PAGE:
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Dear Dr. Roach: I’m a male in my early 80s in overall good health. I see health articles on the importance of getting a good six to eight hours of sleep per night. Is this continuous, nonstop sleep, or is it with interruptions? I find it necessary to urinate several times a night. What effect does this have?

On another note, if sleep interruptions do restrict the brain-maintenance functions of sleep, what are your thoughts on using disposable catheters during the sleeping hours?

Anon.

Dear Anon: Although large trials do show that people who get seven or eight hours of sleep at night, on average, have better health, including less depression and fewer heart attacks than those who get less (or much more, curiously enough) — for any given individual, it isn’t always clear what the optimum amount is. Some people do very well on six hours; some people really don’t feel well unless they have eight or nine. Further, sleep needs change over a lifetime, with adolescents generally sleeping more and older adults sleeping less. I’ve found that worrying about not sleeping enough makes it harder for to sleep!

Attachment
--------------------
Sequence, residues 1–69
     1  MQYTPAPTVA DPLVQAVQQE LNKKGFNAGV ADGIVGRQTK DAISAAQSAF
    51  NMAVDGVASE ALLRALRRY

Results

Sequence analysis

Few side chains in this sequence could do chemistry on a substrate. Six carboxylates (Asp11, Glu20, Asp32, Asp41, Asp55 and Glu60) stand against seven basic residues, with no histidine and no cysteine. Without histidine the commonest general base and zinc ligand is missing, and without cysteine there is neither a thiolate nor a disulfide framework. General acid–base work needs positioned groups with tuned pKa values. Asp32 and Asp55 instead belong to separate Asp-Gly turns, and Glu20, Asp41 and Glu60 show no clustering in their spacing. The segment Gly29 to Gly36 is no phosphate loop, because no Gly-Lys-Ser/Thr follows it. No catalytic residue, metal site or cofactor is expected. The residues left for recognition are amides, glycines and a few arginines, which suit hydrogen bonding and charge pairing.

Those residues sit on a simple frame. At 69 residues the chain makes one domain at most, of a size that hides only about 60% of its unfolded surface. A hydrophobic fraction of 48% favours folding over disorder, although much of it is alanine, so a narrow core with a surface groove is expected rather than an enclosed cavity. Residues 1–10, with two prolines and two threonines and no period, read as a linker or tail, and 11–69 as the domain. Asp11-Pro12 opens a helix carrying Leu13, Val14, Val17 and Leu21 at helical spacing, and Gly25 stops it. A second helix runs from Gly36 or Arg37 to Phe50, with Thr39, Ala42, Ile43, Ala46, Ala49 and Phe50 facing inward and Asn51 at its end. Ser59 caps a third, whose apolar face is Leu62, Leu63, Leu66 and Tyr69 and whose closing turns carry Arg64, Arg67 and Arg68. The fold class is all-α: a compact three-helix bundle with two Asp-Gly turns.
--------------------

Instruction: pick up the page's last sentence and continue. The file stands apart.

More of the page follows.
As far as interrupted sleep goes, it’s not generally a problem, as long as you have no trouble getting back to sleep.

Disposable catheters, however, I can’t recommend. Although some people need urinary catheters, they greatly increase the risk of infection.

My advice is to try to ensure a good night’s sleep by staying away from bright lights (including televisions, computers, tablets and phones) for at least an hour or two before bed; keep your sleeping area cool; avoid caffeine in the late afternoon or evening; and don’t worry if you sleep six or seven hours, as long as you feel well during the day.

Email questions to ToYourGoodHealth @med.cornell.edu.

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